Lance: We’ll use an example where we’re already working together. You bought a term policy for me a couple of years ago. At the time, that’s what you needed, but now you have bought a house. We got to talking, and since then, I was just by myself, and now I’m a part of Epic in this case. Now you’re a business owner, you have a winery, and you live in California. Now all of a sudden, my product suite has fire insurance and wildfire insurance or winery insurance. You’re a little older now. So I look through your file, let’s say, and I go through there now it’s paired some of the things, people in your age group, your stage of life because I’ve made notes.
You have two children, you are a business owner, have that minor you mentioned. And now it’s connecting the dots, and it’s picking, and it’s cataloging and going through my product suite and saying, hey, you may also be interested in XYZ and to equate, that what that would look like. That’s the, hey, Peaky Blinders is out. Ozark season four is out. Check it out.
Those are the things where I look and say, hey, we’re talking. You mentioned you own a business. By the way, I also offer business insurance. And those are things that can be uncovered through conversation anyway. But what those things do in the overall scheme of things, in terms of what I was talking about with Apple is it gives other people who may not have that intuitiveness the ability to extract and find opportunities as well.
What makes that case useful is I have to be interacting with you, but I could have an admin or someone who inputs data or someone in another part of the company if all of our information is interconnected, may say, hey, listen, I was looking I just searched for the keyword winery, and your client came up. We just added winery insurance to our products. Would it be okay if I called your client? Oh, yeah, he’s actually here. Here’s his contact information.
I ask you, is that okay if my colleague called you? And then you guys talk and generate a sale out of that?
Ash: What value does a recommendation engine bring to an insurance company from the three aspects of client loyalty cross-sell and upsell? And then bringing in new revenue, bringing in new business,
Lance: It enhances that relationship, that word of mouth that every marketer covets. That’s the best thing you can get from a client. That word of mouth. Recommendation and evangelism, that enhances that relationship. Because now you can say, oh, I have the best guy. You always hear, I have the best dentist. I’ll call my guy, he’ll take care of telling my sin.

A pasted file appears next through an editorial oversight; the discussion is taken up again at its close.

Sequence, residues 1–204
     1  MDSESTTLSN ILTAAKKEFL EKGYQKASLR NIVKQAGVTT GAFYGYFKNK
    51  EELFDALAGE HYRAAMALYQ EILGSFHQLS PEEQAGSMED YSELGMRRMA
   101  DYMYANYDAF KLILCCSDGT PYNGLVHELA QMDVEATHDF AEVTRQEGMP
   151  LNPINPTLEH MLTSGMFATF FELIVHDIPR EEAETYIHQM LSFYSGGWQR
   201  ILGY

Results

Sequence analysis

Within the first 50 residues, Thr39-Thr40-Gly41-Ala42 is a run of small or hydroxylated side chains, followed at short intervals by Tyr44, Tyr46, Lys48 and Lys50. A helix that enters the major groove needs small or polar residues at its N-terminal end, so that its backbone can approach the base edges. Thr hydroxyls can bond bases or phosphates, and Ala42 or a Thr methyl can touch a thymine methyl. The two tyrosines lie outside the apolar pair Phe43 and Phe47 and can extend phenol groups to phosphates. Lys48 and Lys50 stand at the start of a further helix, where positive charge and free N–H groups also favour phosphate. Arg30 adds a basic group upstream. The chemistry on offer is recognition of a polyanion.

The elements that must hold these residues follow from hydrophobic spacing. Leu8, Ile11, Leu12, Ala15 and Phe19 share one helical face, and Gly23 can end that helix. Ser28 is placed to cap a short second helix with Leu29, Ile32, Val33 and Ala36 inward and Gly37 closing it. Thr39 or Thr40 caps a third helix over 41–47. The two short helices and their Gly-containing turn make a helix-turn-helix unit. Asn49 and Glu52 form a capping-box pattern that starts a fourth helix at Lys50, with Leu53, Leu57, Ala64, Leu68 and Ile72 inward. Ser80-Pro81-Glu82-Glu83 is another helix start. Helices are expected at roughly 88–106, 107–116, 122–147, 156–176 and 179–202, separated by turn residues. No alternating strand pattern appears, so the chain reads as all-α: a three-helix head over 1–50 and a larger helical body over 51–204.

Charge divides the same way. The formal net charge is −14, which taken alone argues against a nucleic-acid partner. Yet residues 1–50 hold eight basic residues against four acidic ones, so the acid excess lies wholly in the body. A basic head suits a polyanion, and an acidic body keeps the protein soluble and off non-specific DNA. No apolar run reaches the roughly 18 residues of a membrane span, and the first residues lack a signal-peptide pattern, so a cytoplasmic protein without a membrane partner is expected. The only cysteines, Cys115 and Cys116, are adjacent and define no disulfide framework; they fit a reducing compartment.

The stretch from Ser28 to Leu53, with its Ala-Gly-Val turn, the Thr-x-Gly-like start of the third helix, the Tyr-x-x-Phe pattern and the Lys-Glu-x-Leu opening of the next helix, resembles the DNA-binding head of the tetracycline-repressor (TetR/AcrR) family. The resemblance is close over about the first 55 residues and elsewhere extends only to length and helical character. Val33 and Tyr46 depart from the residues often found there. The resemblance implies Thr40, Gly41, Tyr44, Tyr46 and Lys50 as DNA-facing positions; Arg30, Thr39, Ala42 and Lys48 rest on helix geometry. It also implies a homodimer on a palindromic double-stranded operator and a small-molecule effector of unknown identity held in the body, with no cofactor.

He’ll take care of you. And that’s the kind of relationship we want to build, that we offer as much value as possible. So they didn’t just buy something from us, they bought a relationship and someone that’s looking out for them. So for my mortgage company, they’ll send me, oh, it’s your birthday, and those are little things, but I still talk to them, the housing market, and they’ll refer me to certain people, and I will talk to this person. And in doing that, that relationship, I’ve recommended three different people to them because they keep me afloat on the industry and reach out, I’ll get cookies on my porch, I was in the area, that kind of thing.
And I know we can’t do that to everyone, but that’s the client’s loyalty. And what that equates to on the insurance side is we’re offering them value. We’re offering them solutions to things and bringing up questions and conversations that they didn’t know they should be having right now. Because ultimately, we’re a keystroke away from being replaced by something else, another option. So if I’m not offering you life insurance, they’re going to get it from someone else if they need it.
The cross-sell and upsell opportunity, it connects us all in that ecosystem, like I said, or for a specific example I use in this deck I put together, our company is made up of 20% salespeople, and the rest are in operations. And those people in the operations, those 80% are exposed to the process and clients. And imagine having those people having a sales mind, […] their sales hat on when they’re interacting with these people and recognizing opportunities and seeing correlations between products and relationships and saying, hey, why don’t you, hey, I’m filling out this form. I noticed these things about this client. They overlap with this other client from another different industry or vertical within the org. you guys should be talking together or that’s an opportunity because oftentimes we have the same clients and we’re not talking to one another and kind of in the same way.
New revenue, those are new revenue opportunities. They help create opportunities and drive engagement and create awareness for other things. And in doing so, over time, those people that were otherwise had tunnel vision on their product are starting to look and think a different way and think, how can I help my colleagues in this area? Or how can I identify opportunities and other cross-sell and upsell opportunities within my own client base or within my own practice? And that’s where new revenue would come from, from within, if you do it right.
I would imagine if you didn’t make a single new client, you could take the clients that you have and resell them a different product or upgrade them or cross sell them.